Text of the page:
The first thing is this new forward to her forthcoming book on Millennial burnout that Anne Helen Peterson wrote, written with COVID-19 in mind. I read it today, and it really hit home, both for its eloquence and thoughtfulness.

This section in particular stood out to me:

Like the generations before us, we were raised on a diet of meritocracy and exceptionalism: that each of us was overflowing with potential, and all we needed to activate it was hard work and dedication. If we worked hard, no matter our current station in life, we would find stability.

Long before the spread of COVID-19, millennials had begun to come to terms with just how hollow, how deeply and depressingly fantastical, that story really was. We understood that people keep telling it, to their kids and their peers, in New York Times editorials and in how-to books, because to stop would be tantamount to admitting that it’s not just the American Dream that’s broken; it’s America. That the refrains we return to — that we’re a land of opportunity, that we’re a benevolent world superpower — are false.

I am looking forward to her book–and have kept an eye on her twitter feed to look at books she drew from, given my own interest in work v. play. For more like this, there is an interview with Peterson and Derek Thompson, of The Atlantic, on the Ezra Klein Show and Peterson’s viral Buzzfeed piece on Millennial burnout.

On a lighter note, my adviser alerted me to this weekly newsletter by writer Robin Sloan (Sourdough and Mr. Penumbra’s 24-Hour Bookstore) as he develops a new narrative game. I’ve liked each newsletter a lot so far, and as someone who has never built a game, I am fascinated by the journey and decisions. The updates can get a bit technical, if you are interested in typography, sound design, coding, etc., but Sloan’s clear, concrete language and friendly tone make a transparent, fun, and fascinating Sunday read.

Meanwhile, if you are interested in more low-tech gaming, this New York Times article has advice how to play board games over teleconferencing apps. Although, if digital games are your thing, Kotaku has a list of Indie games you now have time to play and The Guardian has a list of games especially suited for socializing long distance.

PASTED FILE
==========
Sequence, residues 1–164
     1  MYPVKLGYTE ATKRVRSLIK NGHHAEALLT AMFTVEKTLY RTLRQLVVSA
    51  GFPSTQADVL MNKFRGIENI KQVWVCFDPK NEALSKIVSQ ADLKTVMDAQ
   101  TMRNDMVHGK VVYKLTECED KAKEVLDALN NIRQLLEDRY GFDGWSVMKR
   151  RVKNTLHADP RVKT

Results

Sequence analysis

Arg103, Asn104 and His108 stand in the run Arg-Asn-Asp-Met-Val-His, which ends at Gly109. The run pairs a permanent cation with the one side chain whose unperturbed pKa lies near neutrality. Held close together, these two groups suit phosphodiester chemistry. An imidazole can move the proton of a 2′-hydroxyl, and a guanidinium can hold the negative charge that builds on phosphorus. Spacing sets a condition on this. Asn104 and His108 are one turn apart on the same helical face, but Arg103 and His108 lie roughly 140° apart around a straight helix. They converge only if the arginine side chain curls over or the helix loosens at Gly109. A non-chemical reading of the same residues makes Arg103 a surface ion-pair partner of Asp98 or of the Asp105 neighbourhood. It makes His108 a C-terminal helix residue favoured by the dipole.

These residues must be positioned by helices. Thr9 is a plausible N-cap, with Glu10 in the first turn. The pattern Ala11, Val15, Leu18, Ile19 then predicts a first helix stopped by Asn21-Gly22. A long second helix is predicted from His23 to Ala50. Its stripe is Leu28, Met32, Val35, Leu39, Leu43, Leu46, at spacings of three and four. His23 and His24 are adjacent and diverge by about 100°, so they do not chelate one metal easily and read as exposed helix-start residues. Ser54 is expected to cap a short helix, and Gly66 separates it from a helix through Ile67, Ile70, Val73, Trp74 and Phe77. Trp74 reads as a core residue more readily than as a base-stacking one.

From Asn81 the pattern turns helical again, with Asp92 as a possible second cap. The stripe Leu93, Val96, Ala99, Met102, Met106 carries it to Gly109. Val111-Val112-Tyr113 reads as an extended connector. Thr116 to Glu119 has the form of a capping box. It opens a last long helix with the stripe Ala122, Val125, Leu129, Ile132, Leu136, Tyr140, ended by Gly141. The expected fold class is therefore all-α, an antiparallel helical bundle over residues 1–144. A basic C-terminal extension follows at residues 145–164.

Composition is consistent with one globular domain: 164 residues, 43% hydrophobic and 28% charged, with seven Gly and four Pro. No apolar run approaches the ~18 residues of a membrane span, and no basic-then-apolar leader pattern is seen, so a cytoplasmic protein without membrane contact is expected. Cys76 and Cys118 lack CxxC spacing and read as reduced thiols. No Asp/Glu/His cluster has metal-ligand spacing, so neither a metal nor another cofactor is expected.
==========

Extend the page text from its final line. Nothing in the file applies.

More in line with Peterson, I have been thinking about Laurie Penny’s reflections in Wired about apocalypse and the odd normality of this current, disruptive crisis:

There’s an important difference between apocalypse and a catastrophe. A catastrophe is total devastation, with nothing left and nothing learned. “Apocalypse”—especially in the biblical sense—means a time of crisis and change, of hidden truths revealed. A time, quite literally, of revelation. When we talked about the end of every certainty, we were not expecting any revelation. We were not expecting it to be so silly, so sweet, and so sad.

Indeed, it’s worth remembering, as Mary Harris does at Slate, that “We’re not ‘Going Back to Normal,'” and that technologies, like test and trace (The Economist & The Atlantic) will be with us for some time. As per usual, Ed Yong’s cogent writing is clear on the matter:

The pandemic is not a hurricane or a wildfire. It is not comparable to Pearl Harbor or 9/11. Such disasters are confined in time and space. The SARS-CoV-2 virus will linger through the year and across the world. “Everyone wants to know when this will end,” said Devi Sridhar, a public-health expert at the University of Edinburgh. “That’s not the right question. The right question is: How do we continue?”

Until things ease to the next steps, however, we should remember the harrowing experiences of the “necessary” front-line workers, like the author of this must-read diary of an E.R. worker in New York and the hospitality and delivery workers.

We also may grow some plants from grocery scraps in the windowsill, for us apartment dwellers, or for more the more industrious, prepared, and spatially endowed, turn our homes into food producers, with advice from Alice Waters.

Last, if you are looking for a little historical perspective, here is a fascinating collection of historic letters in The Atlantic reflecting hardship, ranging from the Dust Bowl to Georgia O’Keeffe. Or, you could always go online, which is either been especially retro and good lately or our familiar dumpster fire, depending on who you ask.